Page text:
The popular film District 9 that appeared in theaters last year, in addition to being a brilliant sci-fi story, also became well known for its social commentary on living conditions in the very real District Six during apartheid-era South Africa. In the film, a gang of alien “refugees” (called “prawns” by humans) appear in a gigantic spacecraft hovering over Johannesburg, stranded without a leader or a command module able to pilot the massive craft. In spite of their advanced technological weaponry and spacecraft, the aliens are rather subordinate to

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Micah Hanks

Author: Micah Hanks

Micah Hanks is a writer, researcher, and podcaster. His interests include areas of history, science, archaeology, philosophy, and the study of anomalous phenomena in nature. He can be reached at info@micahhanks.com.

One Reply to “If Aliens Are Like Us, Should We Worry?”

  1. I fail to see why Professor Conway-Morris believes that extraterrestrials would be human-like. Although the animals that humans interact with on earth most frequently tend to be human-like, there is such a vast variety of life on earth alone (and some of it improbably intelligent — slime mold colonies can be trained with operant conditioning, and crows are on par with some of the great apes in our standard nonhuman intelligence tests) that it is conceivable that there might exist a form of intelligence on earth (permanent or merely passing through) so alien that not only do we not recognize it as being intelligent, but we do not recognize it at all. Imagine, for instance, that perhaps all the e. coli bacteria in the world were actually a single colony, communicating quickly through some as-yet unknown mechanism, and forming a kind of universal stomach-acid-eating-bacteria-meta-mind. The alien intelligence would be in our gut, and we would never know, nor would it ever know us. There are no means of communication aside from heart burn and antacids. We would be at constant war with this organism despite never knowing that it was an organism. I’m not suggesting we all give up our antacids, mind you — this is a thought experiment, strongly in invisible pink horse territory — but it gives a precedent for a nonhuman intelligence so extremely alien that it could coexist constantly and tightly (in fact, inside) humanity without being contacted.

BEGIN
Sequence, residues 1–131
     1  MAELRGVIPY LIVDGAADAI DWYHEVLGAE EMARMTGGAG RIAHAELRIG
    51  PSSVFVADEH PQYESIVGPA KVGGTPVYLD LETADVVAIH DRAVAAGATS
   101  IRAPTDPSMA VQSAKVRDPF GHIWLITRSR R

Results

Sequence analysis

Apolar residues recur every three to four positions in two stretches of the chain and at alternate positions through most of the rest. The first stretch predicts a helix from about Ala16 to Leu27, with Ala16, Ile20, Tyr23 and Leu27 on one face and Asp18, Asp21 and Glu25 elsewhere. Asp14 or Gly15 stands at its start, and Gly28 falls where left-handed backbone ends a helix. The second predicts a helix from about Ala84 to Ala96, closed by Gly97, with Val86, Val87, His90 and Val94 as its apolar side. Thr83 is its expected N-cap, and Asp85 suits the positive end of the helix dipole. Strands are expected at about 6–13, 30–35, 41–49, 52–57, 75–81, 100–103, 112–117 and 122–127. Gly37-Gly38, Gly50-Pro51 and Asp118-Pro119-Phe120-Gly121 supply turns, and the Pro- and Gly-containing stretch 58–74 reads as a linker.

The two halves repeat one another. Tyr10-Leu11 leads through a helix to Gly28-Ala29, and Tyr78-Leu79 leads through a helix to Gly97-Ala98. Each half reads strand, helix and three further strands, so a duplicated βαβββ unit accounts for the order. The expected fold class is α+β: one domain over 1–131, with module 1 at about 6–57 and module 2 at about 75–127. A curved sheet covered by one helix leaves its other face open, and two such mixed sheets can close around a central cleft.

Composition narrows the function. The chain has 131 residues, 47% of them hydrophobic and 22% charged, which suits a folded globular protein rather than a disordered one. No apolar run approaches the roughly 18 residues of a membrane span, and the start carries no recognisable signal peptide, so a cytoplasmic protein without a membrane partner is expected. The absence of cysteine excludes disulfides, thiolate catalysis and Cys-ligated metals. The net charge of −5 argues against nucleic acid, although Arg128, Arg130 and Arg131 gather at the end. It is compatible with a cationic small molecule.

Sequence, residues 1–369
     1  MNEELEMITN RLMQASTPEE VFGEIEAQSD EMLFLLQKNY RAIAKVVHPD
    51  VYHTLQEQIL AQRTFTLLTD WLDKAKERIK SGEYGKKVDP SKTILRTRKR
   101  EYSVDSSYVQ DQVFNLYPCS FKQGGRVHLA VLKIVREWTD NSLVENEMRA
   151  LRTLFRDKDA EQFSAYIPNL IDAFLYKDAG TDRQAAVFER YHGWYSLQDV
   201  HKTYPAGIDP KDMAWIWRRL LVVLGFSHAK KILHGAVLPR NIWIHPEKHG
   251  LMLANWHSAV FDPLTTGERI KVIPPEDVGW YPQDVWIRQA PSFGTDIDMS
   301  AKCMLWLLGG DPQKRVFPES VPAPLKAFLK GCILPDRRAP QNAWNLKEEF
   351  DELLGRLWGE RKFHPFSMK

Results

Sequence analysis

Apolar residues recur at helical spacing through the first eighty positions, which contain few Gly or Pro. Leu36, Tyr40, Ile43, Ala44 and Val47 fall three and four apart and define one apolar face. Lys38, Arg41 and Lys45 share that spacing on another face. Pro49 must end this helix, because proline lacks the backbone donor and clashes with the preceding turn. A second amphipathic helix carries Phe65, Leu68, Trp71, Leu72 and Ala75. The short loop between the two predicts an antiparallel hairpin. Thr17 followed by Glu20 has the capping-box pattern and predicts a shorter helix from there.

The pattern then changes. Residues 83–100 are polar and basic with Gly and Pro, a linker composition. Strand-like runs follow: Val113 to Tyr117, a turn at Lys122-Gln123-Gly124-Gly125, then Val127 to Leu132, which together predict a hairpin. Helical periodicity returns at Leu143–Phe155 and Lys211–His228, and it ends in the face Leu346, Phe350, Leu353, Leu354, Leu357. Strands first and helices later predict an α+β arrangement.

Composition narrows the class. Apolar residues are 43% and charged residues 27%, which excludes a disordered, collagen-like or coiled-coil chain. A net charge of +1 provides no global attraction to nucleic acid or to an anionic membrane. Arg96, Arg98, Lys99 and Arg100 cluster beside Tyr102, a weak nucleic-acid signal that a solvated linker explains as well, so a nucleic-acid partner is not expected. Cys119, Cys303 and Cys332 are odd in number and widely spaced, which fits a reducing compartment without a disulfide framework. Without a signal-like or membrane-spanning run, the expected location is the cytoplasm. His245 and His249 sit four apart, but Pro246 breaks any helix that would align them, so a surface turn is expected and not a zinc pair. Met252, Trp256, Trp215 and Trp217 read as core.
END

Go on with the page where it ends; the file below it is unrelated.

Keel at one point suggested that ultraterrestrials might be as native to earth as we are (he suggested this more strongly than Vallee, who kept more agnosis as to the origin), and (like in the Lovecraft story wherein a mad inventor uses a machine to fine-tune the narrator’s pineal gland to see parts of the electromagnetic spectrum his eyes were not accustomed to) we might pass through them daily without noticing. We might not be able to see them without their explicit help.

    This of course stretches credulity somewhat, and I am more comfortable with hypotheses in Jung’s vein. That things might exist solely in the collective mind of man does not counter their existence, nor make them entirely irrelevant — money, government, marriage, and justice are all terribly relevant things that as far as we know are unique to man and entirely socially generated and enforced.

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